In states like Odisha and West Bengal, where BJP has made inroads, election again is being fought on regional issues. Both BJD and TMC are fighting elections on pro-welfare agenda in the state. Though BJP again expected to do better, has not gone beyond criticism of Mamta Banerjee.
Another example is that of the North East, an area where BJP had done exceptionally well. Even there, the issues are regional like, cross border migration and citizenship amendment bill. Before the citizenship amendment bill, BJP was all set to sweep the area but now it is difficult to say which way the election will turn after protests broke out in NE over the bill.
In Bihar, BJP is strong and well entrenched but it rests on the shoulder of Nitish Kumar, unlike 2014 when it swept the state on Modi’s name. Both Haryana and Punjab are voting on regional issues too. Haryana has witnessed strong pro BJP consolidation on anti-Jat line and in Punjab Congress has gained because of anti- SAD sentiment continues to persist and AAP has completely collapsed in the state.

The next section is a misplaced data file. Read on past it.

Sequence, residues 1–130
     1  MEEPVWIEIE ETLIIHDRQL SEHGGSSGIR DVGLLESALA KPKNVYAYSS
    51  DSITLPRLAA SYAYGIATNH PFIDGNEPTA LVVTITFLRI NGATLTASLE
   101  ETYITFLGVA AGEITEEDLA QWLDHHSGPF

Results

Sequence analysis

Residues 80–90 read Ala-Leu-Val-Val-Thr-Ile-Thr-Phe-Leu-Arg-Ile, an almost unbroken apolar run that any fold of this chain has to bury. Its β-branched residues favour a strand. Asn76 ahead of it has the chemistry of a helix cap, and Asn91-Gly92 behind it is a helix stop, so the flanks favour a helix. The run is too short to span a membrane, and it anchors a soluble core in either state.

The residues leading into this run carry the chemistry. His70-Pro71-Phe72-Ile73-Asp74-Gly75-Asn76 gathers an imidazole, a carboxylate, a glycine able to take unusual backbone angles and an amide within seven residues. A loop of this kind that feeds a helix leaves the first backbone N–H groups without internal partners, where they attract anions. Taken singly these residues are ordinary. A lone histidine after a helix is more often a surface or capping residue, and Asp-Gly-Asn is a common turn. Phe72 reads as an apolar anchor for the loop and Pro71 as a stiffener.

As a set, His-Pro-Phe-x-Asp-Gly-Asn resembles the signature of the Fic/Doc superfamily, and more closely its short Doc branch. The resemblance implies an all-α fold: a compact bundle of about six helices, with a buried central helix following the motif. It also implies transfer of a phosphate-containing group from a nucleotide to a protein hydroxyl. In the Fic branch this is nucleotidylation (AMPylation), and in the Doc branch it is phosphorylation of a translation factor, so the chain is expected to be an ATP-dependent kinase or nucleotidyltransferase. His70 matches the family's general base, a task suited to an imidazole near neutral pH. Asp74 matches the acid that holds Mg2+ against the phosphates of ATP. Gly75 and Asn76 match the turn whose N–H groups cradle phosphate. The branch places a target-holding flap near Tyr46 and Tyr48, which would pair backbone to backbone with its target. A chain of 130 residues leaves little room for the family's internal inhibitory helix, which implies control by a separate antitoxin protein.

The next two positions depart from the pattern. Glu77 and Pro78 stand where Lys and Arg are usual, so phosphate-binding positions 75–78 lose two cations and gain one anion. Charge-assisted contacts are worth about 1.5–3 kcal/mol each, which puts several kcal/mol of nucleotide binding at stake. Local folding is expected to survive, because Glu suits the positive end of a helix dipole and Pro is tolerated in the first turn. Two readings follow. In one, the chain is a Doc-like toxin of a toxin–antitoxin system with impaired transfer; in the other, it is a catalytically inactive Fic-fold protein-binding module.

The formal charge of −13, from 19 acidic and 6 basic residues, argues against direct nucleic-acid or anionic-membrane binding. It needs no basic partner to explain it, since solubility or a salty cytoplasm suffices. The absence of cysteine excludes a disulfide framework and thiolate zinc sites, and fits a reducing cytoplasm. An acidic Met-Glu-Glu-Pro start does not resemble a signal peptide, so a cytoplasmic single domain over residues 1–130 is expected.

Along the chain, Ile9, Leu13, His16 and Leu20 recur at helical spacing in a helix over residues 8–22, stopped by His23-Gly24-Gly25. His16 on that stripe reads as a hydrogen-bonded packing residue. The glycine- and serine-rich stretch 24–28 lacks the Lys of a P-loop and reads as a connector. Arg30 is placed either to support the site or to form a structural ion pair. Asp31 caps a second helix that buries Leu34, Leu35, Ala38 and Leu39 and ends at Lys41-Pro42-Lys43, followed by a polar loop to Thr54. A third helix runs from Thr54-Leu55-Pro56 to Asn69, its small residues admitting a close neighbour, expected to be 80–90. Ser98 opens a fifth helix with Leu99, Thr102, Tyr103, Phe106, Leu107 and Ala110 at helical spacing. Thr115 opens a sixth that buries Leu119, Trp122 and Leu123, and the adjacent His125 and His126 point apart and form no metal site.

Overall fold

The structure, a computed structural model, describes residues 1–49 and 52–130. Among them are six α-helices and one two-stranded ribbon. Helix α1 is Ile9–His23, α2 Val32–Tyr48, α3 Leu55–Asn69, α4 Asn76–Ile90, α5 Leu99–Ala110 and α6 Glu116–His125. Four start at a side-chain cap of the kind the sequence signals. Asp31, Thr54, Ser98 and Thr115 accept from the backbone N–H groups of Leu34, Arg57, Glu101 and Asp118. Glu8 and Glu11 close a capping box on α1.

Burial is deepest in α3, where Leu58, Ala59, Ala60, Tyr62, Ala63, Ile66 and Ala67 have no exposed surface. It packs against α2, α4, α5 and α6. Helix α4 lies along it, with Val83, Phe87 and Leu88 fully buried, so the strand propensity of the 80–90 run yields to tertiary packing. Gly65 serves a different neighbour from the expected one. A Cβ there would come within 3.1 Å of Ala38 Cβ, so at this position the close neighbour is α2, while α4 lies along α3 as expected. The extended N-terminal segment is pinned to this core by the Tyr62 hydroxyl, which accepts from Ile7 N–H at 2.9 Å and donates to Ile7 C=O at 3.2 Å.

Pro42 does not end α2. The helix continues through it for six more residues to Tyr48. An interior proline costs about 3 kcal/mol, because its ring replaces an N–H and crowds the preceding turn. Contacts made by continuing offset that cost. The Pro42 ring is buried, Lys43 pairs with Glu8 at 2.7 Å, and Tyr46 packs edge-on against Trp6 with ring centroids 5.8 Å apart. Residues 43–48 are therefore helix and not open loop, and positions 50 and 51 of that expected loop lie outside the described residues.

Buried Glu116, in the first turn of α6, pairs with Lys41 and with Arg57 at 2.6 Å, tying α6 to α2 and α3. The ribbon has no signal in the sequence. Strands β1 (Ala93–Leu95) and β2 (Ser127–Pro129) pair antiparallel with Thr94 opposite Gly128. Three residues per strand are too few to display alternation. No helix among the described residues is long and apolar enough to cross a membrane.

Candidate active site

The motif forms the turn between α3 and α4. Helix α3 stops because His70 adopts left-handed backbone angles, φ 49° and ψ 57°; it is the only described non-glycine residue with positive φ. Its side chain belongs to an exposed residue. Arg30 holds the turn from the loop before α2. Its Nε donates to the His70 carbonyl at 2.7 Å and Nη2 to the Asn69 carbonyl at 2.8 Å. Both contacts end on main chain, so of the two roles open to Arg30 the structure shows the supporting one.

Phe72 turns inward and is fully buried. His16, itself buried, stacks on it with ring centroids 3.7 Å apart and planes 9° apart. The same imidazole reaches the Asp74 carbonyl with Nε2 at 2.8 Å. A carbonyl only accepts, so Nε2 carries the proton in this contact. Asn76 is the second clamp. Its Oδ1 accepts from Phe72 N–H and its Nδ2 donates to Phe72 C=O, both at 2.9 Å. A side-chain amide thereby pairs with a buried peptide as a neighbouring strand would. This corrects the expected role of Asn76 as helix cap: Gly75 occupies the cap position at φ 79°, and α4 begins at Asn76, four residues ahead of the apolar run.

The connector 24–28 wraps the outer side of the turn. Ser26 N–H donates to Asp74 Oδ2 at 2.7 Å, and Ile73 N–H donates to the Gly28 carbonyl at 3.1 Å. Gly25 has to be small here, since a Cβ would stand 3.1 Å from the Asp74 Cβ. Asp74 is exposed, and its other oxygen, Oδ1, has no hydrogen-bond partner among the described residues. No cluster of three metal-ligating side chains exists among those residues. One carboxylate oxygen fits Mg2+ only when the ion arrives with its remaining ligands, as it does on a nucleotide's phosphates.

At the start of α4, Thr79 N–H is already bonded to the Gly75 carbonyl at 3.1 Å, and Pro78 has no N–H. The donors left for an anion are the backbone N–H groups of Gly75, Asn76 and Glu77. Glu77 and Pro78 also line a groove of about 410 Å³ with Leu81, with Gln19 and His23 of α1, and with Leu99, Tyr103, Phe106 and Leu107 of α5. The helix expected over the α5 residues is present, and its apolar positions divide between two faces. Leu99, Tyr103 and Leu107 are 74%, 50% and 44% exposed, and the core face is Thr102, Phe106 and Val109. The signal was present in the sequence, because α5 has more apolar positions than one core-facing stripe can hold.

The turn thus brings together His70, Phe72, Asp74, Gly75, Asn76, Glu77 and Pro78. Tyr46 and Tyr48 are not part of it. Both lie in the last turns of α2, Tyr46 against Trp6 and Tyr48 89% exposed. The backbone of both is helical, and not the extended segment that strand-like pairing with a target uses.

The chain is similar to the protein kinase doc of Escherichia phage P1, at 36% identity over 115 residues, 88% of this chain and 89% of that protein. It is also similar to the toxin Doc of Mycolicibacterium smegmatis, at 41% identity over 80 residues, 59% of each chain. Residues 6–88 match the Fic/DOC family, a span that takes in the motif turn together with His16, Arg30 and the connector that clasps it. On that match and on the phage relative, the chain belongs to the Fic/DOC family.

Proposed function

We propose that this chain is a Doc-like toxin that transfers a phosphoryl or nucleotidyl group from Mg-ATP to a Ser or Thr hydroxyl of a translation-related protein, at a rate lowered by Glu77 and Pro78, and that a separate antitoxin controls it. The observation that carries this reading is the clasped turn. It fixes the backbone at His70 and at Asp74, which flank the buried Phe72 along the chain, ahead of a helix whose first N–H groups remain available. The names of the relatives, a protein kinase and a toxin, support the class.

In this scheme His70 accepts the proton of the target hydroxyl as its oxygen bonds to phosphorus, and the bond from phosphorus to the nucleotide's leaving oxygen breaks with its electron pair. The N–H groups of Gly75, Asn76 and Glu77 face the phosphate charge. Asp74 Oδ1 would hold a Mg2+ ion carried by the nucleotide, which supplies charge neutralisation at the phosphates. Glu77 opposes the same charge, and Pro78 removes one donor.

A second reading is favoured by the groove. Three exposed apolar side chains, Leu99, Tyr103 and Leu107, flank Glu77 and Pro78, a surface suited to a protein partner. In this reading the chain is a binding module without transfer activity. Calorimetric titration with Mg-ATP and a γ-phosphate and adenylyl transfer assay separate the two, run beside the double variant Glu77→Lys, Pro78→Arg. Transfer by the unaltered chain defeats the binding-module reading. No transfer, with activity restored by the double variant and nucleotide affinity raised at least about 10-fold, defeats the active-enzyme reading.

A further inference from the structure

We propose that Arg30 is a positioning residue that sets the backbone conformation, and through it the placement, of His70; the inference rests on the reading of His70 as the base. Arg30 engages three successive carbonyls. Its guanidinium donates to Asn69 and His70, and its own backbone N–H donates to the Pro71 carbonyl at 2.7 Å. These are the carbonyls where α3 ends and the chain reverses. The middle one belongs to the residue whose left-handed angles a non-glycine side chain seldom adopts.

Even big states like Madhya Pradesh, Maharashtra, Chhattisgarh, Gujarat and Rajasthan are being fought on regional issues ranging from caste reservation, agrarian loans, candidature, hard Hindutva and etc. It is not to say that the direct benefit schemes introduced by the Prime Minister including welfare projects will have no impact on the electorate but will short when it comes to the creation of a wave like 2014. Even in the 2017 assembly election, the results were more out of Hindu-Muslim polarisation than the success of Ujjwala scheme.
More so, the injection of hard Hindutva in body politics by BJP will add and subtract votes at the same time which was not the case in 2014 elections which were solely focussed around New India.
The states like Uttarakhand and Himachal Pradesh too will be fought on the basis of candidates and performance of the respective governments. Jammu and Kashmir is the only state that will respond to the policy decision of the BJP and promises it is making during national elections.